It would appear obvious by your post that no one can clarify what a conservative is, but only attack the points they disagree on for what they believe isn't. Good try at clarification on the label, unforunately no one has the political knowledge for such an undertaking. Too bad.

Brian Dell said...

If you want to ponder the question of whether one is a political conservative, you have to go all the way back to one's epistemological and metaphysical stances. One stance common to conservatives is skepticism of claims to neutral reasoning. That does not mean a conservative cannot believe that funding carbon capture out of the public purse (to take a policy endorsed by, say, Diane Colley-Urquhart) is not a high priority. But it DOES mean that due allowance is made for the possibility of an agenda behind claims of AGW, skepticism about whether proposed solutions to the problem will work, and consideration of the possibility that the cost of the solution will exceed the likely benefits.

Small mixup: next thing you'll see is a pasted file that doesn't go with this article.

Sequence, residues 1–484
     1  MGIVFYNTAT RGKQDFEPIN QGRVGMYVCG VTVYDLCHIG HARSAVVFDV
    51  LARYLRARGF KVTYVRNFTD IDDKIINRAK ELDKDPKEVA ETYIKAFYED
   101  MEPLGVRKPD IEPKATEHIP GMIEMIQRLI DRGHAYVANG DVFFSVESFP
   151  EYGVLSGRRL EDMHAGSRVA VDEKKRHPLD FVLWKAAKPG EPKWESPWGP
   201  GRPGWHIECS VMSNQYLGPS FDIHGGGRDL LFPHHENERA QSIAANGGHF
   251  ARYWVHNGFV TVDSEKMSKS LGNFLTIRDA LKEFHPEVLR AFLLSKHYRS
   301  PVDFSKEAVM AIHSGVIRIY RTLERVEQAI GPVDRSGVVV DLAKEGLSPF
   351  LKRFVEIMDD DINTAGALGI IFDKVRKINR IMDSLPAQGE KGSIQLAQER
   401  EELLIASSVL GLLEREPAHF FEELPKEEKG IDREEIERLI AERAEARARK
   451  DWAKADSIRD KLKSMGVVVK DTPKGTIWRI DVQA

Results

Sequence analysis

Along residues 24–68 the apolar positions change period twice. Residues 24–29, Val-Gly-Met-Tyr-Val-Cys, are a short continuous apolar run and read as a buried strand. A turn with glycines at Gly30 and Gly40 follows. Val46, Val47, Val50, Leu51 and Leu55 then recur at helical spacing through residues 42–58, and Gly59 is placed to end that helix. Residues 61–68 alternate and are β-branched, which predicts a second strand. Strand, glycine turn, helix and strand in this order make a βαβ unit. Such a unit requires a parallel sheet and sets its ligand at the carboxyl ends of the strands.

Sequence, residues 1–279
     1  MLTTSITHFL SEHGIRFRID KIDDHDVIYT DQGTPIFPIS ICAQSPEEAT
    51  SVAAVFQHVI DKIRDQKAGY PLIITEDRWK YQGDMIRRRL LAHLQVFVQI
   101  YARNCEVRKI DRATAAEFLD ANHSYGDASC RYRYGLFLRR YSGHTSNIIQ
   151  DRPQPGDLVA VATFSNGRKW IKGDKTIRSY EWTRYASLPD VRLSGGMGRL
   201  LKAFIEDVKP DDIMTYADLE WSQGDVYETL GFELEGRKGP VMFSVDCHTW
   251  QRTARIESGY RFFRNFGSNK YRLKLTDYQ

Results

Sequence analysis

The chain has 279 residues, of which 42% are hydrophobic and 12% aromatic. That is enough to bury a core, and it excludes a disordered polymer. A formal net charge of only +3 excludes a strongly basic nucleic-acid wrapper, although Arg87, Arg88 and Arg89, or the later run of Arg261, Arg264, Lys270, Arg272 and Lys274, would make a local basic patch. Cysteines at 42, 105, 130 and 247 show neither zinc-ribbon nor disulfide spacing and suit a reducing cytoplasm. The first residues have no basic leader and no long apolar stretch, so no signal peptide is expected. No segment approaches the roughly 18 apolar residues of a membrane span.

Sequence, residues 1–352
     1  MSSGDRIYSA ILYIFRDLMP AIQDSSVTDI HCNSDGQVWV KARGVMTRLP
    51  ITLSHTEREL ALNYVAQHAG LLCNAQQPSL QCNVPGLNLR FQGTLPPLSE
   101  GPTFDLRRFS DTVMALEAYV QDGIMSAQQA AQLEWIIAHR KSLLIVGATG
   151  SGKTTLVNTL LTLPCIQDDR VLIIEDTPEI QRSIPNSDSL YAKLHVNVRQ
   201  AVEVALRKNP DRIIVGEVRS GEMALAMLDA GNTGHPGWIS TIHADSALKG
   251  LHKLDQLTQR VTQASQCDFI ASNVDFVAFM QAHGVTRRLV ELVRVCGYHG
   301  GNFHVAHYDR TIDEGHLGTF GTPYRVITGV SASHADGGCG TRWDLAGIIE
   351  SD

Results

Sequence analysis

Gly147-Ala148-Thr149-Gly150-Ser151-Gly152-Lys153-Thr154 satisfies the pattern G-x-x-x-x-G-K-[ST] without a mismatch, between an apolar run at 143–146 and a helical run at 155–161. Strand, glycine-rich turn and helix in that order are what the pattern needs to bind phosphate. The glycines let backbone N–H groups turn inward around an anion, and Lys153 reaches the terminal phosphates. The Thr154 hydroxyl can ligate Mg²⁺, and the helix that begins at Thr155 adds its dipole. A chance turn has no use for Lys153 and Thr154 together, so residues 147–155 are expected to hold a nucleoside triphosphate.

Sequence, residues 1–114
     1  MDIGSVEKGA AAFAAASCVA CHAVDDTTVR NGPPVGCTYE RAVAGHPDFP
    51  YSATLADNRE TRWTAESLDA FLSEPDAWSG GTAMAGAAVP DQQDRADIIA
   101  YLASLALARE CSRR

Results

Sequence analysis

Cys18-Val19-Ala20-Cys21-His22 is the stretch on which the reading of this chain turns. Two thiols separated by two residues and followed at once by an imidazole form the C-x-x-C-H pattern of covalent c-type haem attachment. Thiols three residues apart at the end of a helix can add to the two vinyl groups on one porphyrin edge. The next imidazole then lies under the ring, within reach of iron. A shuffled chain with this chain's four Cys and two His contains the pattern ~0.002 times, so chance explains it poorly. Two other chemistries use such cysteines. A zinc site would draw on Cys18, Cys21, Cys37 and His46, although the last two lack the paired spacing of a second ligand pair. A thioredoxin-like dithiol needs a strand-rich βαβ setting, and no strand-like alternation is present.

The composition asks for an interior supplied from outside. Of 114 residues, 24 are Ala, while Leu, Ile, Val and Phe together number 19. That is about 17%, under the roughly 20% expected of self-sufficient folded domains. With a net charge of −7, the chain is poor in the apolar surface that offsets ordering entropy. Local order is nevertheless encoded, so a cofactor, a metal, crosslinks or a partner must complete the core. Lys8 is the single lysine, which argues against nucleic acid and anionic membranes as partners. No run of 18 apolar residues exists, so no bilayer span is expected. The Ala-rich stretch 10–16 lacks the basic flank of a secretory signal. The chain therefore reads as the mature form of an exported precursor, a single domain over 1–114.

I'm exhibiting the conservative temperament right now by suggesting that the E.S. intended to craft an account of conservatism that would conveniently include Ed Stelmach's PC party before he even got started. Conservatives look through claims of dispassionate reason to see the passion because they know that humans are fundamentally not dispassionate reasoners.

The prairie is open, the plain is broad, but there is a fog upon it. This business called life, just how to live it; just where this petty orb is headed, and why, these questions have clouded many judgments and confounded many minds. We must not rush in where greyer heads have paused. Go to the sage; consider what has been wrought in times past; heed the wisdom of the ages. We will advance, the will demands it, but only by pushing off from the solid ground that has already been scouted, off the foundations that have already been laid.